“In essence, EPA has adopted standards that prevent the country from building new coal-fueled units … Electric utilities have always relied on a diverse set of resources as a means of insuring against the uncertainty of the future. Coal has always played a prominent role in utility resources portfolios because it is a domestic fuel and, over the long term, has proved to be reliably available at stable and predictable prices. Banning new coal-fired EGUs would represent a significant shift in U.S. energy policy and the way utilities have planned their portfolios, with potentially significant consequences for electric ratepayers.”
Dr. Anne Smith of NERA economic consulting reminded Subcommittee members that although EPA and others claim that jobs can be created by Utility MACT, one has to take into account the net employment impacts of these rules. And job losses are significant:
“[T]he net impact to U.S. workers in 2015 will be a reduction in worker income that is equivalent to about 200,000 full-time jobs. The net impacts are largest in the period around 2015, but remain a net negative through 2035. These estimates of total worker income impacts are net of (i.e., include) the increases in demand for labor to implement the electric sector’s compliance projects. The vast majority of the reduction occurs in the services and non-energy manufacturing sectors, which have to absorb the higher natural gas and electricity prices induced by the MATS Rule.”
The Utility MACT rule would also have devastating effects on America’s manufacturing sector because of electricity cost increases and decreased electricity reliability. As Darren MacDonald, Director of Energy for Gerdau Long Steel North America, said to the Subcommittee, only substantially changing this rule would prevent these impacts:
“The steel sector is concerned about increased electricity costs and reliability issues that may result from this regulation. This is for the simple fact that all of the compliance costs and reliability risks will ultimately be passed on to us, the consumers. Our concern is that a confluence of new EPA regulations on the utility sector over the next 5 years – capped by the Utility MACT Rule – will have a substantial impact on our direct cost of doing business … If electricity prices do not remain affordable and if electric supply is not reliable, the economic recovery can be put at risk along with it manufacturing jobs.”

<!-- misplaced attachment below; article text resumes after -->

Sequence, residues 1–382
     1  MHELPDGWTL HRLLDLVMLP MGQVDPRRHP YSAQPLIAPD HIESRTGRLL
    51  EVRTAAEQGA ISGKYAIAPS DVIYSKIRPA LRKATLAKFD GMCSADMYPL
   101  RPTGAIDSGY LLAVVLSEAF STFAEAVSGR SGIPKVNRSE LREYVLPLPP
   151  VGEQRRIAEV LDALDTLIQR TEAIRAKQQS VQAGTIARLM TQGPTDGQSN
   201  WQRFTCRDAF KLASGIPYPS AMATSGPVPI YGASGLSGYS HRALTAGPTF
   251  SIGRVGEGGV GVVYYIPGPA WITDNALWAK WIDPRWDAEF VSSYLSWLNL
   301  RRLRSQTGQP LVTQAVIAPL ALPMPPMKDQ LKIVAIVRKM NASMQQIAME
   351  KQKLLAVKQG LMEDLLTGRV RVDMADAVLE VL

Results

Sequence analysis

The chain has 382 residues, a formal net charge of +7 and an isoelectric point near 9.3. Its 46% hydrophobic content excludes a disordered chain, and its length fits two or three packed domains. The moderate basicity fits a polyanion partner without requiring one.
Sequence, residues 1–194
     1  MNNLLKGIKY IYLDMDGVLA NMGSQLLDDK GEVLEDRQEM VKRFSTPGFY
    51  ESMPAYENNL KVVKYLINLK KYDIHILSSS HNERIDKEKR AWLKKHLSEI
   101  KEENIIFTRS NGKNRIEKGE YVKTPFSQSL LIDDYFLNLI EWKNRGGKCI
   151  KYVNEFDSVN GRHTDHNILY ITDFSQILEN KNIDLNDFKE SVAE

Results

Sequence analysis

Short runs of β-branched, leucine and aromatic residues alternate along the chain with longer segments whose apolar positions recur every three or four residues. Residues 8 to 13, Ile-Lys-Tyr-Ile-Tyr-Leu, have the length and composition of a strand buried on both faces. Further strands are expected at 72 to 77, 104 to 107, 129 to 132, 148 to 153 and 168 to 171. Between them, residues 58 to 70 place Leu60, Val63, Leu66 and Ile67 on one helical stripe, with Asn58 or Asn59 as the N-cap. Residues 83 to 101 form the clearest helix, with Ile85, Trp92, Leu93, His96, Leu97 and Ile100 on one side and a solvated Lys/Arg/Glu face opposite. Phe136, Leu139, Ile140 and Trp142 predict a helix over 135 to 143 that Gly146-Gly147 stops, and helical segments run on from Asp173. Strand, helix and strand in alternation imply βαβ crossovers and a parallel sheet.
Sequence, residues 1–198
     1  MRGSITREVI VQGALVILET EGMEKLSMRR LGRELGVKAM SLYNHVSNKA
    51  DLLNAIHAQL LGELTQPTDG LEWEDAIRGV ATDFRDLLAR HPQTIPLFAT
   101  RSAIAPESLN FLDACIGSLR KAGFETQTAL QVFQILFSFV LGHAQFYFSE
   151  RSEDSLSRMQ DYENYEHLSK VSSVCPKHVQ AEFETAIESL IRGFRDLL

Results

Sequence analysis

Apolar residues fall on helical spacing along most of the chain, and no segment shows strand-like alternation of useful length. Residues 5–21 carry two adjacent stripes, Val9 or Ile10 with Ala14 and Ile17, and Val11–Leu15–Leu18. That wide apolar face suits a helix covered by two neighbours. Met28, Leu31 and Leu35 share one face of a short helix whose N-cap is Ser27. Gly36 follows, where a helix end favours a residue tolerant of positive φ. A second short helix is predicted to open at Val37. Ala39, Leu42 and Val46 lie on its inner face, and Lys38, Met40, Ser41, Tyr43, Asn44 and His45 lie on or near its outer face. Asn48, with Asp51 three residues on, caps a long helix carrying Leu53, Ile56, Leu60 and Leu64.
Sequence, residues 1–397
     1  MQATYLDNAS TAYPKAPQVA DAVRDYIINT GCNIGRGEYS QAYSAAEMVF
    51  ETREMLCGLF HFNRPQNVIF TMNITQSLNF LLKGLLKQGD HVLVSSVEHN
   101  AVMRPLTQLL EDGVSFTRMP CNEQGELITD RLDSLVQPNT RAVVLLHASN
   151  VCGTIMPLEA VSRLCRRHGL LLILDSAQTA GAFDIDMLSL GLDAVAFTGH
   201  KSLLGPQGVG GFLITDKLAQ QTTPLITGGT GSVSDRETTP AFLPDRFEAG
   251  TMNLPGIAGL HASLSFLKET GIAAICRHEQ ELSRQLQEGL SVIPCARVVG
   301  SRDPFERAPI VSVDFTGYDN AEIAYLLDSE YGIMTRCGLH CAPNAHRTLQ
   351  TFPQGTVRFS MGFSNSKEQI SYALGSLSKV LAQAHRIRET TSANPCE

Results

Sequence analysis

Minorities & Seniors Hit Hardest by Energy Cost Burdens
WASHINGTON – America’s working class and those on fixed incomes are suffering the most from increases in energy prices, according to a new study released today by the American Coalition for Clean Coal Electricity. The study finds that more than half of U.S. households now devote more than 20 percent of their family budget toward energy costs, nearly double what they spent just ten years ago.
“When government regulations increase the cost of energy, it is America’s working class who shoulder the burden,” said Steve Miller, president and CEO of the American Coalition for Clean Coal Electricity. “A typical American family is now spending almost twice as much for energy today than it did a few years ago. For millions of Americans living on low and fixed incomes, surging energy prices mean less money for other necessities such as food, housing and health care.”
The annual assessment “Energy Cost Impacts on American Families” uses data from the U.S. Department of Energy and the U.S. Census Bureau to analyze energy cost increases since 2001 for U.S. households. Energy costs include transportation, home heating and cooling and electricity. The findings are particularly timely in light of EPA’s newly finalized Utility MACT rule that, when combined with other pending EPA regulations, will increase electricity rates and other energy prices, especially in states that rely on coal for electricity.
“Because coal has provided about half of America’s electricity over the past decade, electricity prices have actually declined when adjusted for inflation,” said Miller. “But new EPA regulations are making electricity and other energy sources unnecessarily expensive during a time of economic turmoil.”
Energy costs are growing and eating up a disproportionate share of low and fixed-income families’ budgets. The 60 million households that earn less than $50,000 per year, or half of all U.S. families, will devote an estimated 21 percent of their after-tax incomes to energy, compared to 12 percent spent in 2001.
Energy cost burdens are greatest on the poorest families. The energy bills of families earning less than $10,000 have risen to 78 percent of their after-tax income.